What else did the researchers find?
About 59.8% of respondents reported being ‘very’ or “extremely concerned” about the carbon footprint of procreation. A 32-year old consultant in Ohio stressed, “I cannot produce another person that will continue to destroy the planet, as they will inherit my first-world lifestyle. I also cannot live with the feeling of responsibility that I made a decision to have a child for my own pleasure while destroying exactly what I’m fighting to save.”
Many parents and respondents who were planning to have children noted that their concerns about the carbon footprint of procreation had led them to have, or plan to have, a smaller family. For example, a 38-year old teacher and mother in Minnesota said, “I really didn’t think a lot about the carbon footprint of having another child, until I read something saying that the best thing you can do to reduce your carbon footprint is not reproduce. Thinking about that has influenced my decision not to have a third child.”
On the other hand, some respondents also argued that viewing climate change through the lens of individual choice was a problematic, ‘neoliberal,’ and ineffective framing of a collective problem. As a pregnant 36-year old doctoral candidate in New York put it, “I feel frustrated with the idea that I should not have children because of their lifetime carbon footprint. That puts an emphasis on individual sacrifice and responsibility that is not reflective of the actual causes (and possible solutions) for the problems we face with the climate — these are largescale, systemic problems.”
Many respondents voiced both perspectives and described struggling as they decided which one to prioritize. But unlike carbon footprint concerns, concerns about the climate impacts that children will or would experience were based on expectations, hopes, and fears about the future. According to the team, 61.5% of respondents were more concerned about climate impacts their existing, expected, or hypothetical children will or would experience than the carbon footprint of procreation; 37.7% of respondents were equally concerned, and only 0.8% were more concerned about the carbon footprint of procreation.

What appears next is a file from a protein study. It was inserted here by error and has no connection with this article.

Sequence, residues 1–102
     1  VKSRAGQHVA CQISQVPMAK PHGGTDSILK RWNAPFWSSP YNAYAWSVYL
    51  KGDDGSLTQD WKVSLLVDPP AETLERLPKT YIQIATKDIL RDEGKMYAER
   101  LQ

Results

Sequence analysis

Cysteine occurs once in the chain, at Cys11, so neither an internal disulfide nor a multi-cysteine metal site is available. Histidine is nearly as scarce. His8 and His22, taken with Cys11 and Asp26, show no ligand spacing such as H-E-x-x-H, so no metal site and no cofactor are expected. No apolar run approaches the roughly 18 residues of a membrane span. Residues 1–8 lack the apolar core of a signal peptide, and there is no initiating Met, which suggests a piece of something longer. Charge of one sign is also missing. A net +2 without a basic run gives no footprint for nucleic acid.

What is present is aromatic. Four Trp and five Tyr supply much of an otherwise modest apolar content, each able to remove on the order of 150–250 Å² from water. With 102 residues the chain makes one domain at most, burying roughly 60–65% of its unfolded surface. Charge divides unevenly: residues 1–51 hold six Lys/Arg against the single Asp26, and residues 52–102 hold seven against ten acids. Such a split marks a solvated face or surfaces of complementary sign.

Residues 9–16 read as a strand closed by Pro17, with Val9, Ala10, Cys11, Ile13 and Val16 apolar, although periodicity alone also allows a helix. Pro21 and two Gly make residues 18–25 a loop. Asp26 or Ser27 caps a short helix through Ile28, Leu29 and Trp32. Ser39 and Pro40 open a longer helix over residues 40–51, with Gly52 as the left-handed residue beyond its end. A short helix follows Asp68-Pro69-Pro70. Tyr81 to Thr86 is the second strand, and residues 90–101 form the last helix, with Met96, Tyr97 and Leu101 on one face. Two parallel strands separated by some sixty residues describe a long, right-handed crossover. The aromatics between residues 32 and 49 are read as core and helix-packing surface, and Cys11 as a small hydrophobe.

“Although respondents’ concerns about the carbon footprint of reproduction were less intense and emotional than their concerns about the climate impacts their children will or would experience, it is striking that 87.1% of respondents who were parents, planning, or undecided were ‘extremely,’ ‘very,’ or ‘somewhat’ concerned about the carbon footprint of reproduction,” the findings state.
Respondents’ concerns about the climate impacts that their existing or hypothetical children will or would experience in the future depended upon their visions of and expectations about the future. Of the 400 responses that offered a likely vision of the future, 92.3% were negative, 5.6% were mixed/neutral, and 0.6% were positive. The negative visions of the future tended to be intensely negative, with no positive aspects. For example, a 42-year-old researcher in Vermont wrote that the world in 2050 will be “a hothouse hell, with wars over limited resources, collapsing civilization, failing agriculture, rising seas, melting glaciers, starvation, droughts, floods, mudslides, and widespread devastation.” Similarly, an undecided 27-year old model in Pennsylvania stated, “Unrecognizable. Extreme weather. Food shortages. Political and economic dissolution. Large scale conflicts. Migration. Drought.”
According to experts, the research has implications for multiple areas of study, including environmental ethics, environmental sociology, the sociology of reproduction, and demography, say experts. Further investigation is also needed to ascertain to what extent these eco-reproductive concerns are shared around the world. “This research may have implications for climate modelers. The phenomenon of climate concern contributing to a reluctance to have children raises the possibility that so many young people in wealthy, high-emissions nations will choose to have smaller families or forego procreation entirely that they may succeed in one of their goals: influencing the overall fertility rate, population, and production of greenhouse gases, and thus contributing, to some extent, to climate mitigation,” the authors conclude.